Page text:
There is another group of students that are totally the opposite of the first group: the over-achievers; the students that live for the "A," the students that will do whatever it takes: an "A" at any price! These students almost make our lives as educators easy. You say "Jump!" (metaphorically) and they say "how high?" What is it like for this student in their daily walk at school? Tight schedules, heavy loaded semesters, jam-packed evenings of extra-curricular activities and weary, worn out children. Have you ever gotten a paper from one of these students and had to give them a lower grade than usual? Oh, not fun. Not fun because you know the reaction that will then follow...devastation. Their perfectionistic attitude that makes your job so easy, has just taken a new turn. You now have to break their hearts by breaking their expectations of perfection. Maybe at this point, you really do wish there were no tests, no grades, no measuring stick...because that measuring stick just wacked the kid on the head. How do we handle this as an educator or a parent? There are many ways: First, get to the heart of the issue...the need for perfection. To this child the grade represents WHO they are. It may represent love, acceptance, self esteem and more. Reassure them that they are more than a grade. That not everyone who tries succeeds the first time (just ask Einstein...ok, you can't ASK him, but, well...you know what I mean). Talk to your child or the student and remind them that a grade or score isn't failure, it's a learning opportunity to find out where they can improve. Remind them that it has nothing to do with their self worth or value. Remind them that they are loved because of who they are, not what they do or do to perfection. What does an "A" mean to the over-achiever? Perfection at all costs.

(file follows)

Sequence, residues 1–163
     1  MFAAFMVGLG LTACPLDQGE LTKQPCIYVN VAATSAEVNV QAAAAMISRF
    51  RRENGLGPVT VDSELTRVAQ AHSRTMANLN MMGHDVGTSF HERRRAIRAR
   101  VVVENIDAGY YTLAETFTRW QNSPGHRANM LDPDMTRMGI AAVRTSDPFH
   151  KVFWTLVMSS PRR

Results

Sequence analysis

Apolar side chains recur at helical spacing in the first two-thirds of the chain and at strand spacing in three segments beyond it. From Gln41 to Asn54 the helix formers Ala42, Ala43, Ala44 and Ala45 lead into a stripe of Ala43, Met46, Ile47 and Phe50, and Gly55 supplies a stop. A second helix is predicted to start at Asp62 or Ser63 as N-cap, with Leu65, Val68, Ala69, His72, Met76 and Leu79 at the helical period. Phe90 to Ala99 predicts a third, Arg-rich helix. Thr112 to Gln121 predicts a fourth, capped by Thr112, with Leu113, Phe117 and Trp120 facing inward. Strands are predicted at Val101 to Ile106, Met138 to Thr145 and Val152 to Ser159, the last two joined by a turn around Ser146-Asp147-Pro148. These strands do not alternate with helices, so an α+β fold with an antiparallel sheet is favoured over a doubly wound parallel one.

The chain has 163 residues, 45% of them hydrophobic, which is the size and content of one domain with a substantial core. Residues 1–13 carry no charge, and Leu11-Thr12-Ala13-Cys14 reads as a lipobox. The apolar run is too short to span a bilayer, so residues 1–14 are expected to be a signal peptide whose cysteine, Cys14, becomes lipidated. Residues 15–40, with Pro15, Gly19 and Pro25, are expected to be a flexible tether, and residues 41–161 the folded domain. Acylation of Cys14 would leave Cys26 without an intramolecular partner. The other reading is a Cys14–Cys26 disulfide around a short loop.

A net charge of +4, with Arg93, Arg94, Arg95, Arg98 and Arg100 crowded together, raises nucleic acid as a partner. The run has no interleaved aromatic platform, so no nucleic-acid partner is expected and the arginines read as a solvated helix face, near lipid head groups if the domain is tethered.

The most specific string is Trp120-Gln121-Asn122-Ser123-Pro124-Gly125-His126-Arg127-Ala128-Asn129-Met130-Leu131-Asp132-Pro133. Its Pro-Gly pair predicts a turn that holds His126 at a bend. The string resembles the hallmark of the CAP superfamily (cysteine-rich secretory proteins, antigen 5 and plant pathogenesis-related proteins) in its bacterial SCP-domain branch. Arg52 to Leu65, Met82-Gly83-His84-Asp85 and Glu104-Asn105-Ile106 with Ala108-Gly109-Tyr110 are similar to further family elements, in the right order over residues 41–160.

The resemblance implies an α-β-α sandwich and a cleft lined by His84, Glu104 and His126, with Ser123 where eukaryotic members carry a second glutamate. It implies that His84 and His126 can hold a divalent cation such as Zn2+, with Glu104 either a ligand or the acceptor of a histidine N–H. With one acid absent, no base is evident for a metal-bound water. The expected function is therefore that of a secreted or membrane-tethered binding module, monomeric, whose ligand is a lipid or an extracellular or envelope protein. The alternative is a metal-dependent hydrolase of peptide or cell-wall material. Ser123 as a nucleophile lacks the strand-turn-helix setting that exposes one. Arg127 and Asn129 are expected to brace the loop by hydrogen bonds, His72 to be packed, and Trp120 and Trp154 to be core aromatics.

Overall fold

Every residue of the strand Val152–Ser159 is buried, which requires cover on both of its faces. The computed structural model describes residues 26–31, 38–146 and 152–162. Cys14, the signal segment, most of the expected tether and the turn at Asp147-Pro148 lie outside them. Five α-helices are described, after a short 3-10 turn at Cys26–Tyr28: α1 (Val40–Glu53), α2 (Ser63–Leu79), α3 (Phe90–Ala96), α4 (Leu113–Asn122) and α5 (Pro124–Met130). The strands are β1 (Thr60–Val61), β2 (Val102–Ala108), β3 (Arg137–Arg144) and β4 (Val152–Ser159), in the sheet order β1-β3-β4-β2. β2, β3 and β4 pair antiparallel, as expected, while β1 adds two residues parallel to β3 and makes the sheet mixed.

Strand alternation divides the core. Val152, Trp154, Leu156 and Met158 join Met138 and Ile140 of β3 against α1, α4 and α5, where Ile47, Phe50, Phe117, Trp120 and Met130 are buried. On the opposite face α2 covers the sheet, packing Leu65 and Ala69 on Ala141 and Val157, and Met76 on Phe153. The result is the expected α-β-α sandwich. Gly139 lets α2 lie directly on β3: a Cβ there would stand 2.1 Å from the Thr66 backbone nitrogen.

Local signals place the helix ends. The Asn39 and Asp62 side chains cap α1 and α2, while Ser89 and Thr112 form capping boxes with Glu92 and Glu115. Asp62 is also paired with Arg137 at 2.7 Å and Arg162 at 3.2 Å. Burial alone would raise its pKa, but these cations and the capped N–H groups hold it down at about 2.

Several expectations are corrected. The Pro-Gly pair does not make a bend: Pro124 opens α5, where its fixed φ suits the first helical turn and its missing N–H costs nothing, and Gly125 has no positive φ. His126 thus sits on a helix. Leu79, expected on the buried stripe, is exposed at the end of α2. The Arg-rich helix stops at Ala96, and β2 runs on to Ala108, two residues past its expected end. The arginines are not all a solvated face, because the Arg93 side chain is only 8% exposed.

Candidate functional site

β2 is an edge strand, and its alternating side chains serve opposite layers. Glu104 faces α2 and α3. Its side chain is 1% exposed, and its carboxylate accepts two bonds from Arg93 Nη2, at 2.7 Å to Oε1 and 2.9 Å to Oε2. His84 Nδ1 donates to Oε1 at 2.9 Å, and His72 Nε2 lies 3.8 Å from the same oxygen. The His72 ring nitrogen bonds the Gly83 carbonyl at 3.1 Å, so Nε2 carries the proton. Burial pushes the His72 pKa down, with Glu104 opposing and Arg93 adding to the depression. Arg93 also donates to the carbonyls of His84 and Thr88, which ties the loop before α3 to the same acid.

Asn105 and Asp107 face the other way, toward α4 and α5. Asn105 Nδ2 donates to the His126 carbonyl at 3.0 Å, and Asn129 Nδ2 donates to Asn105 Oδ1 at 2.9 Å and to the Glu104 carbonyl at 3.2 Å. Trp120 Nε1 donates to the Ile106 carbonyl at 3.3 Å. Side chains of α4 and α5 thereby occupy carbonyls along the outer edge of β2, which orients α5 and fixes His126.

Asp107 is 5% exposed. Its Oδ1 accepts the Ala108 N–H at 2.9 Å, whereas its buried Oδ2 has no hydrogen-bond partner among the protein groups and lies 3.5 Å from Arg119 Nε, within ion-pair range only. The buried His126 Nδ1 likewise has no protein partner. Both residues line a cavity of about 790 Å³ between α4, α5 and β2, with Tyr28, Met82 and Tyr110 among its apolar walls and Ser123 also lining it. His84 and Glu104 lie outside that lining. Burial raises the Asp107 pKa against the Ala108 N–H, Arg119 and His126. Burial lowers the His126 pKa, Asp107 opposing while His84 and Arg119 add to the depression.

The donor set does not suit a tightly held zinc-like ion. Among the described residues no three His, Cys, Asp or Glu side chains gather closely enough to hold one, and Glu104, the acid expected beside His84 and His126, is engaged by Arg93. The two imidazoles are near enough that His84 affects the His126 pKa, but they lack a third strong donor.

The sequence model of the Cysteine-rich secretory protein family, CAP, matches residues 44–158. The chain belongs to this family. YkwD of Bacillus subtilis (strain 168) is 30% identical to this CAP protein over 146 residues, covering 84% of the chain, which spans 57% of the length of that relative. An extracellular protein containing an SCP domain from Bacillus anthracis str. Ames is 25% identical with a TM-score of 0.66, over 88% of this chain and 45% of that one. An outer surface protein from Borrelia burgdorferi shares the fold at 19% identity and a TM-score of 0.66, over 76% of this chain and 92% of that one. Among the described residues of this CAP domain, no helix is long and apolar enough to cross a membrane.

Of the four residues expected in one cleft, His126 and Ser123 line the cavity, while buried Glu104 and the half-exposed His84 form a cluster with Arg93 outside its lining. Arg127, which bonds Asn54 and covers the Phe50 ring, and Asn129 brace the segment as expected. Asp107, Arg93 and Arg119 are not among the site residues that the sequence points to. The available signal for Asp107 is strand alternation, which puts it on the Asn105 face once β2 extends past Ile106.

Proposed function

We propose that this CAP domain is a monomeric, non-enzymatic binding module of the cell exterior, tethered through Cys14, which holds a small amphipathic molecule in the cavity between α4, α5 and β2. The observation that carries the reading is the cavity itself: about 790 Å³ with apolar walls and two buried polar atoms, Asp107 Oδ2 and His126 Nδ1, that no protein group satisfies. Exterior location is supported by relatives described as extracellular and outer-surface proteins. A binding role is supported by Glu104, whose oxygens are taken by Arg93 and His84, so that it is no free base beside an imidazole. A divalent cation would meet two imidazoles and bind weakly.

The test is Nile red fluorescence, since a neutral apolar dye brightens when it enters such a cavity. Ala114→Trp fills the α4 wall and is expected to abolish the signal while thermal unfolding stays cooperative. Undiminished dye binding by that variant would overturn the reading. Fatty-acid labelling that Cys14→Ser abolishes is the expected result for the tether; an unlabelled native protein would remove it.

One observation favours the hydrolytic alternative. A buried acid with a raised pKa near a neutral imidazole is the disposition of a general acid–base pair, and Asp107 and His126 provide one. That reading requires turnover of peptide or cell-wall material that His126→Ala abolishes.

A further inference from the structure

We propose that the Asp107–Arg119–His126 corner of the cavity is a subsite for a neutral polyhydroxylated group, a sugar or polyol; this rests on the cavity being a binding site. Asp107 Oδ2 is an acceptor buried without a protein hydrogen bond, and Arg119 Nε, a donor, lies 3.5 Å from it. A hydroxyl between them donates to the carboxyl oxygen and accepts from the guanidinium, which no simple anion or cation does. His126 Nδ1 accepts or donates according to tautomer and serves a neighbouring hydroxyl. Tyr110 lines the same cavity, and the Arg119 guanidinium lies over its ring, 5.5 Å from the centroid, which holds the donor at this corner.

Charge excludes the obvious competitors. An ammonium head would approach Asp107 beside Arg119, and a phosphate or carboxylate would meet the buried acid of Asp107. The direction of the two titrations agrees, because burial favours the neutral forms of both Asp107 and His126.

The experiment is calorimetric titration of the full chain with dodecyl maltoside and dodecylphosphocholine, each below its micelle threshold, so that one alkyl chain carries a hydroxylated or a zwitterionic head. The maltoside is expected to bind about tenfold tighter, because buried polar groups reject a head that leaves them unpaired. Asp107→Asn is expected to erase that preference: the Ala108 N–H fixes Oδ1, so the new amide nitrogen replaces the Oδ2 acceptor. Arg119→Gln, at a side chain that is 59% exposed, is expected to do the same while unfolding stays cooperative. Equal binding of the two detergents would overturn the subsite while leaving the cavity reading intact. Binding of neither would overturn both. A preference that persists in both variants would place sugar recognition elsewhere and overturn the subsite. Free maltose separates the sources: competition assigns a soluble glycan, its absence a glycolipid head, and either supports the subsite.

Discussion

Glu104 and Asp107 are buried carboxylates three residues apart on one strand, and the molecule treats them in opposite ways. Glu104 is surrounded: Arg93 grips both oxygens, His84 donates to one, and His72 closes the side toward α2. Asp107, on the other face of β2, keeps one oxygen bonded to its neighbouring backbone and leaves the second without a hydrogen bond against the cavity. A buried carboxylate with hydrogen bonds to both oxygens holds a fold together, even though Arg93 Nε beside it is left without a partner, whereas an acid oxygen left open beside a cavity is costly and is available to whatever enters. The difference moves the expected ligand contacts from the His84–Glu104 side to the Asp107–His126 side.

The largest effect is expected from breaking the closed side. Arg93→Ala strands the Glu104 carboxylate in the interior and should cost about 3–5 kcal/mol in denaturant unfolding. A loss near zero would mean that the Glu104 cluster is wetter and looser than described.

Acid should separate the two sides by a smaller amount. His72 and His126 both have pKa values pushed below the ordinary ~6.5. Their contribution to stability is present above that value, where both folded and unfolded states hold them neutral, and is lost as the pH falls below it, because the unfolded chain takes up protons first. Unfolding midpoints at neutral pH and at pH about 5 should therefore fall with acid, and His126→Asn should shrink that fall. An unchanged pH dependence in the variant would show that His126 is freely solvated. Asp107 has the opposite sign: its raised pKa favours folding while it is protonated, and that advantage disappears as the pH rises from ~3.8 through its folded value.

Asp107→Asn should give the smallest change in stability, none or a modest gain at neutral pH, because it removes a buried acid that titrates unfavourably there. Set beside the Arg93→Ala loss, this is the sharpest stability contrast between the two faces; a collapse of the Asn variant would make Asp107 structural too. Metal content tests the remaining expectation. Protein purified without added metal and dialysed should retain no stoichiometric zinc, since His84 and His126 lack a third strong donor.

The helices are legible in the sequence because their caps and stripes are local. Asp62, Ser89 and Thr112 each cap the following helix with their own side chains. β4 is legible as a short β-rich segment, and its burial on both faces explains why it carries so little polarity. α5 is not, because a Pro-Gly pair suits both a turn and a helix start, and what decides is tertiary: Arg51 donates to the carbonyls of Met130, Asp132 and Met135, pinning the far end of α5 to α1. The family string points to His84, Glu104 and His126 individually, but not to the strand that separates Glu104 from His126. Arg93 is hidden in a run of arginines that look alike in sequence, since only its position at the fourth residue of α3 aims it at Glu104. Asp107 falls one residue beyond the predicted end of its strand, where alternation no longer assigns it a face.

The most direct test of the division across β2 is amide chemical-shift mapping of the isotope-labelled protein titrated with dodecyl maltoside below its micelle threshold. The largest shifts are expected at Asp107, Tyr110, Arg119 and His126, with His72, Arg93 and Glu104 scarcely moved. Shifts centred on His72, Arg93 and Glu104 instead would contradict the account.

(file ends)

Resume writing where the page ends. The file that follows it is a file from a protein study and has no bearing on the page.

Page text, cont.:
"Hello, my name is Johnny, and I'm on team average." One time I had a teacher tell me that if people would stop naming their children "Johnny," we wouldn't have any more educational issues. But seriously, there is another demographic out there that I'll call "Johnny Average." This student is completely different from the two demographics above. This student really doesn't think much about grades. Grades to Johnny are just something that can either get him in trouble, or keep him out of trouble. This student that feels like "I go to school, I do what I need to do to get by, what's the problem?" And really, what IS the problem? Often educators, and possibly parents (not always), realize that these students do not seek success and they do not seek failure, and that bothers us. These are the students that you do cartwheels to excite in class. These are the students that you will do anything to get them to like the unit. These are the students that you just know that if you found that one thing that interested them, they would actually care! Maybe, maybe not. I'm not saying to give up on them...on the contrary...but what I am saying is that grades to them are not really a motivator except as it hinders any fun they may want to have in the future by not getting shoved into remediation. What do you do with Johnny Average? Just keep trying. Just hope that one day, they finally decide to get excited about his education. He may not take Advance Placement classes, attempt an ACT or even come close to thinking about college, but you do have them in your class, and it is your job to teach them what they need to know; it's not your job to take it personally. What does an "A" mean to this child? Not much.
Where ever you fall on the side of the opinion of grades, scores and percentages, like it or not, as it stands at this point and time, they are here, and are most likely here to stay. HOW we relate this information to the student is what we CAN change. HOW we translate this to our children is what we CAN change. We've all most likely experienced the above demographic of students in our careers as educators and parents, and it is a delicate situation indeed, but looking at it from the student's perspective is always the starting point. Don't forget why grades exist. Don't forget what grades mean to a student and don't forget that they are a tool; not a measurement of the heart of a child, their self worth or where they will end up in life.